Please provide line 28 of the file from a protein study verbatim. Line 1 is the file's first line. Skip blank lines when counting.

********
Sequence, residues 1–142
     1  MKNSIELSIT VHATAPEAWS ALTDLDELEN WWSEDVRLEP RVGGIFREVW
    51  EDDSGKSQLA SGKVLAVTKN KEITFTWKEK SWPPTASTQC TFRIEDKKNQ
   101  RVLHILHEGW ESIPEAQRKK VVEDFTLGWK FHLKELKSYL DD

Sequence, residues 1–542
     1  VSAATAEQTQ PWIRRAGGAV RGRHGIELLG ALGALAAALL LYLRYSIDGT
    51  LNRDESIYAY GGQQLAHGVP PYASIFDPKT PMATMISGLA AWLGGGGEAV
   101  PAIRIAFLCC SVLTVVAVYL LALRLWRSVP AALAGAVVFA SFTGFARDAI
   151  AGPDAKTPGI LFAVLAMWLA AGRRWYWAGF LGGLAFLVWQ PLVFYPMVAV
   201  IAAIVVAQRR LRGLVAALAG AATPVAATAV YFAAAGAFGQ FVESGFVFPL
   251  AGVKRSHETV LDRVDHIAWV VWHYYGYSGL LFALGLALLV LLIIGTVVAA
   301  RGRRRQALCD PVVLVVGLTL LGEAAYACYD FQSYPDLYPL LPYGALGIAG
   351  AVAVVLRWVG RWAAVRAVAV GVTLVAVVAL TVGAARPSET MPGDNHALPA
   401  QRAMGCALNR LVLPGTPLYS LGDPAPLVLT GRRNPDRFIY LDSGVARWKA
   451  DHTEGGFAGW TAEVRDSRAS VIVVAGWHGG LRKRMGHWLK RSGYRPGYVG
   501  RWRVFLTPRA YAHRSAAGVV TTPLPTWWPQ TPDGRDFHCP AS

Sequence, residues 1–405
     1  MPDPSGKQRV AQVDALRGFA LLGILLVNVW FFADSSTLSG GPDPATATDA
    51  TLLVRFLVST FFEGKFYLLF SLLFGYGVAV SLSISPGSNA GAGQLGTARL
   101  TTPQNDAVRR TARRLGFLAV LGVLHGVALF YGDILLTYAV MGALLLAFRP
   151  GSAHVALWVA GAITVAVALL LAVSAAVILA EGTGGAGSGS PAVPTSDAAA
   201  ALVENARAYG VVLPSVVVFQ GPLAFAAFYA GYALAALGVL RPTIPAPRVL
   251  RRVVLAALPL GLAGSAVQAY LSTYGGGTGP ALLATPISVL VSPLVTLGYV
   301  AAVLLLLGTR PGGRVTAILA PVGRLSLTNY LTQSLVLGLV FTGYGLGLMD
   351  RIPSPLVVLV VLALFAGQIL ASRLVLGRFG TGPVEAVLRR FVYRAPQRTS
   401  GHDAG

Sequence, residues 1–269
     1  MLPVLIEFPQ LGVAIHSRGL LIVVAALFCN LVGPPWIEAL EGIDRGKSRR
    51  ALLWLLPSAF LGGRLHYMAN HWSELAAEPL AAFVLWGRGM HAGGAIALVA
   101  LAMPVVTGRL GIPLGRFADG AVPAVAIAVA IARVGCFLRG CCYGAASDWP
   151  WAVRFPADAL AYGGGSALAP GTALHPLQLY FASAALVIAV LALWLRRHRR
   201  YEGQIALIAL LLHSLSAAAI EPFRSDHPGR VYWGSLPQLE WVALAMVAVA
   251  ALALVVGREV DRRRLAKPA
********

     1  MLPVLIEFPQ LGVAIHSRGL LIVVAALFCN LVGPPWIEAL EGIDRGKSRR